Tabitha Arnold (Photo by Harry Winkler), Margarita Cabrera (Photo by McColl)


Sag Harbor — Continuing the celebration of our summer exhibition, Threading the Needle, The Church welcomes artists Tabitha Arnold and Margarita Cabrera. The two will converse about their careers, ideas, and works featured in the show. Both artists create moving, impactful and challenging work about difficult subjects. Politics have a central role in their work, lives and thinking.

In addition to her career as a visual artist specializing in textile and fiber-based art, Tabitha Arnold is a member of Philly Socialists and a labor organizer with Dignity. Using an ancient technique to present the pressing issues and questions of the present moment, Arnold’s textiles are populist and devotional, making scenes of collective outrage tangible and immediate. To her, fiber art can convey a sense of familiarity that allows disparate views to talk about inequality and the abuse of power in our society. This method was used by the Mexican muralists and Soviet mosaic artists and is seen in Afghan war rugs and quilts of Gee’s Bend. Drawing on these references, Arnold uses art as a call to arms and a vector of social change. Tabitha’s piece in the exhibition is a goat-hide shaped tapestry titled Pure Finder (2021). She created the work for the prayer room at Glen Foerd estate in Philadelphia, PA. It depicts workers engaged in the long, dirty, arduous process of refining leather at the Vic Kid Factory. From the late 1800s to early 1900s, the factory employed hundreds of people and founded the fortune of the Foerderer Family.

Born in Monterrey, a city in the Mexican state of Nuevo León, Margarita Cabrera moved to the US with her family at the age of 10. Cabrera’s soft sculptures often depict common appliances and goods to pay homage to the lives of Mexican laborers, working in harsh conditions in factories on the US-Mexican border to produce goods for the US market. Margarita Cabrera has three soft sculptures in the show: Nopal con Tunas #2, 2006, Space in Between – Nopal #6, 2012, and Space in Between – Saguaro (Maria Lopez), 2010. These are part of her on-going collaborative social practice project with Spanish-speaking immigrant communities in the United States. The initiative promotes cultural dialogues around community, craft, immigration, cultural identity, and labor. Workshop participants work with Cabrera to produce sculptural replicas of desert plants indigenous to the Southwest. Made from US border-patrol uniforms, the sculptures are a stark reminder of the harrowing experiences and perilous journeys taken by Latin Americans crossing the border in the beautiful but dangerous landscape of the Southwest.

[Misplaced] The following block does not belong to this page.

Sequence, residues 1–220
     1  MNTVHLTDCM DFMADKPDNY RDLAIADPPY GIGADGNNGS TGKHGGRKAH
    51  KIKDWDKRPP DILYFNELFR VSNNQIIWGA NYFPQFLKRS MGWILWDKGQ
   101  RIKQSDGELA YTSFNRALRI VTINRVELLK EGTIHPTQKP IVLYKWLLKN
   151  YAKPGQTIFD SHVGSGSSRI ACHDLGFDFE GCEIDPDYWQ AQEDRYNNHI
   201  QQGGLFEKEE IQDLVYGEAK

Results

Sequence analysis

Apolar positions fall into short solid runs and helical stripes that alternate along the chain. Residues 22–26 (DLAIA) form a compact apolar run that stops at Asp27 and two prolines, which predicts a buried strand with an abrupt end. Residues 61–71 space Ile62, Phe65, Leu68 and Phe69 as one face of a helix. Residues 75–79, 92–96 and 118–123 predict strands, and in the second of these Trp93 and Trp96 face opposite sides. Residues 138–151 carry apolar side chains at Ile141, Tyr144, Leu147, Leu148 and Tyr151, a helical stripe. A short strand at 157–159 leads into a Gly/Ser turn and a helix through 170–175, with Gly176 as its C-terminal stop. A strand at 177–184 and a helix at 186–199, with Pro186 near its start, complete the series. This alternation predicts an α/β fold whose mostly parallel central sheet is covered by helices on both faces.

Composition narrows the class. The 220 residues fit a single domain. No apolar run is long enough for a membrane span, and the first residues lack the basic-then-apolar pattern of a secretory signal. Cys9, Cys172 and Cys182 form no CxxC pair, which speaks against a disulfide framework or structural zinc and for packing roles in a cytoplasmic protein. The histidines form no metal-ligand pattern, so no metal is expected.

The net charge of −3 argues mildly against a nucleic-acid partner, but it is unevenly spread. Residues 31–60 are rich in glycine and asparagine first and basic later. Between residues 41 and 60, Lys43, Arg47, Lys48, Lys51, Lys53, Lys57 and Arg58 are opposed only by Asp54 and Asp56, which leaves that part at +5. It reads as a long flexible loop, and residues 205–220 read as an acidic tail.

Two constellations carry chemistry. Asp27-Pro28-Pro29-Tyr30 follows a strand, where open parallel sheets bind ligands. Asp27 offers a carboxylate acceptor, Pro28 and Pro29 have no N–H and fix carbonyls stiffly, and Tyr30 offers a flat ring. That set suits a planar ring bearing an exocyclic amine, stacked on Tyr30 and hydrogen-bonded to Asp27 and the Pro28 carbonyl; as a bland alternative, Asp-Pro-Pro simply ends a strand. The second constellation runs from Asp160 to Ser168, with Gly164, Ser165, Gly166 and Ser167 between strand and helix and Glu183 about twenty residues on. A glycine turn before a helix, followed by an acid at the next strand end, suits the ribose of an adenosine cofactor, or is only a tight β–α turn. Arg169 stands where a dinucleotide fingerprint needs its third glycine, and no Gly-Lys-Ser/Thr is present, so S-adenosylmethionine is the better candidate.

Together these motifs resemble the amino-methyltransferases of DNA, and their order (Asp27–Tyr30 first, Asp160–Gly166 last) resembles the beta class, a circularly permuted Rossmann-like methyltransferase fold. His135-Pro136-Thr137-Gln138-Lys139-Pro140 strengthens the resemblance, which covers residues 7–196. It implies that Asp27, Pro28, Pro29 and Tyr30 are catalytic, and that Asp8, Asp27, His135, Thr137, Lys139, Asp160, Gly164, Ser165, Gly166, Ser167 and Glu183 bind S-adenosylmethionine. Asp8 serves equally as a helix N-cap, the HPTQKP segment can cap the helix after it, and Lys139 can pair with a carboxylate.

Tabitha Arnold makes labor-intensive art. Born in Chattanooga, Tennessee, she now lives and works in Philadelphia, where she studied Painting at Pennsylvania Academy of the Fine Arts. Her meticulous tufted rug artwork speaks to the radical past and ongoing struggle that threads all working people together. She’s inspired by the history of the labor movement, as well as her own direct experiences as a worker, organizer and artist coming of age during a wave of unionization and class-consciousness in America.